Understandably confused at first, our protagonist finally declines the offer of taking control at the front, and instead chooses freedom for everybody by helping the two other remaining revolutionaries (a girl and her father) to blow up a door at the side of the train. The explosion causes an avalanche, derailing and crushing the entire train and—literally—train-wrecking everything. It appears the only survivors crawling out under the wreck and stumbling innocently out into the endless snow are a young boy and the teenage revolutionary girl.

As eloquently expressed by Acid Cinema:

While movies like In Time or Elysium admit that the system is broken, they also offer reassurances that it can be fixed (in Elysium’s case with the laughably literal push of a button). Snowpiercer, on the other hand, argues that perhaps the system is broken beyond repair, that the only way to fix it would be to scrap everything and just start over.

While starting anew with a clean slate is appealing on an emotional level, personally I still prefer to believe that the system can be fixed without destroying everything.

Creativity (stories, film, etc.)

The Top Seven Movies I watched in 2013

The top seven movies I watched this year, in no particular order.

  • La grande bellezza (The Great Beauty, 2013) is an homage to Fellini’s “La Dolce Vita”, an homage to Rome and its celeb- and nightlife circus. Beautifully shot and set to intoxicating dance tunes as well as timeless classical music, the movie follows a disillusioned 65 year old author (who wrote one bestseller and stopped after that) in his search for the true beauty in his life.

  • There are few movies that are as surreal yet at the same time ring as true as Holy Motors (2012). (Maybe Terry Gilliam’s Brazil comes close.) I guess at the core of Holy Motors lies the question after why we get up every morning and go to work and how much we should give for “the beauty of the act”.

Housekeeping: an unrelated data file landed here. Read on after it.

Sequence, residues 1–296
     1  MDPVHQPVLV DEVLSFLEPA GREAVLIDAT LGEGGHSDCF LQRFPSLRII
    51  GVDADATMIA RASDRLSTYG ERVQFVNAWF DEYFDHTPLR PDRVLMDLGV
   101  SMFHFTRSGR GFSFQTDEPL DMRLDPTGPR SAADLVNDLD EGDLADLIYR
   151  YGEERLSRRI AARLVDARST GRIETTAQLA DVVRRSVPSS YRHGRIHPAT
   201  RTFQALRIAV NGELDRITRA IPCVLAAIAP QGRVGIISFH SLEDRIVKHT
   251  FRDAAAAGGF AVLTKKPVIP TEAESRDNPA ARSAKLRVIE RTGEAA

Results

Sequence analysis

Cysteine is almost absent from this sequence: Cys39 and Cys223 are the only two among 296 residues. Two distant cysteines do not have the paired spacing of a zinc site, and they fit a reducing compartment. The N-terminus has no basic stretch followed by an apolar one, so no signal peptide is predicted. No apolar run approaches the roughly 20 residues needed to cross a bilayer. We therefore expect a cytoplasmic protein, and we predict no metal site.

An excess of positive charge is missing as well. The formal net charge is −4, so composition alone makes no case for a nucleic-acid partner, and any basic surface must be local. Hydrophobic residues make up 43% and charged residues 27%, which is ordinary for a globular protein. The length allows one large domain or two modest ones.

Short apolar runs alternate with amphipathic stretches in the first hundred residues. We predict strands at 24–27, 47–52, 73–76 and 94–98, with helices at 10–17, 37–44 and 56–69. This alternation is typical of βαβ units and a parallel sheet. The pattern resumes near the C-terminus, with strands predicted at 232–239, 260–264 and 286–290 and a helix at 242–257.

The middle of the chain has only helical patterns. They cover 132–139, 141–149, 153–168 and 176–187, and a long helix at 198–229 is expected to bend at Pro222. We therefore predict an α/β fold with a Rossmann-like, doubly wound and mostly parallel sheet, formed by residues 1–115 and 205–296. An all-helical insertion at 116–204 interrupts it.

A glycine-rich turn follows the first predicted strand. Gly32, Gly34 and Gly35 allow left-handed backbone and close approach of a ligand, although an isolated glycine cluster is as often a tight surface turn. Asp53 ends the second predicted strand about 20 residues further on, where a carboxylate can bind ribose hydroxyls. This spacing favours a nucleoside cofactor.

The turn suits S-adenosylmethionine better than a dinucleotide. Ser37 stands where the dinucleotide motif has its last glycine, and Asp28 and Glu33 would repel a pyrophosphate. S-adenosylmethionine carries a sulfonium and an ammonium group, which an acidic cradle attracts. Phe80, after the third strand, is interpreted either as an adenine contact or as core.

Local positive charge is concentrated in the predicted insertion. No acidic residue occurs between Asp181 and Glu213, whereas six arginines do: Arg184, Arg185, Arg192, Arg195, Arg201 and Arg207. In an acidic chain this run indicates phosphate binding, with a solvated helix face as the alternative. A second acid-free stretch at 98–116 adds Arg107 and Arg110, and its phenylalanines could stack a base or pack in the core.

• The Tree of Life (2011) consists of scenes in Jack’s (Sean Penn) adult live, memories of his childhood in the 1950’s Midwest with his stern father (Brad Pitt) and kind mother (Jessica Chastain), as well as lots of footage of nature and the beginning of the universe – all set to mesmerizing music and filmed with an ever-searching camera, posing implicit questions of spiritual nature. If you liked Kubrick’s 2001, you’ll most probably like The Tree of Life.

  • Set in London after World War II, The Deep Blue Sea (2011) is an intimate portrait of Hester (Rachel Weisz), a woman who breaks out of a passionless marriage to pursue an erotic relationship with Freddie, an energetic but troubled former Royal Air Force pilot. We experience first-hand how Hester loses her heart, and also her head, so fully that when she realizes that she and Freddie aren’t compatible, it is almost too late.

  • Before Midnight (2013) is the third part in the trilogy started with Before Sunrise (1995) and Before Sunset (2004). Each shows us one night (or day) in the relationship of Jesse (Ethan Hawke) and Céline (Julie Delpy) with nine years passing in between, just as the actors have also aged nine years between the making of each movie. The chemistry and the long dialogues are as great as ever. And even though the couple is married now, often Jesse still seems beautifully amazed of Céline and that she is in fact his. It’s simple: if you liked the first two, you’ll like the third part in the trilogy as well.

  • The Past (Le Passé, 2013) is the story of an Iranian man who reunites with his estranged wife in Paris to finalize their divorce. It’s a powerful movie, but the number one reason to see it is definitely the dignified performance of Ali Mosaffa. (Disclaimer: I haven’t yet watched A Separation, the previous film by Asghar Farhadi, which some say is even better.)

  • In Violet & Daisy (2011), two teenage assassins accept what they think will be a quick-and-easy job, until they end up in a heartfelt conversation with their target. While the film is neat, it’s the jaunty performances and the chemistry between Saoirse Ronan and Alexis Bledel that make it a pleasure to watch.

Creativity (stories, film, etc.)

New game by Myst-creators: Obduction

Yay! A new game by the creators of Myst and Riven. I loved those, so I’m quite excited. You too? Then please support their Kickstarter and share. Only 4 days to go! (And if you haven’t played Myst and Riven, do yourself a favour and do so!)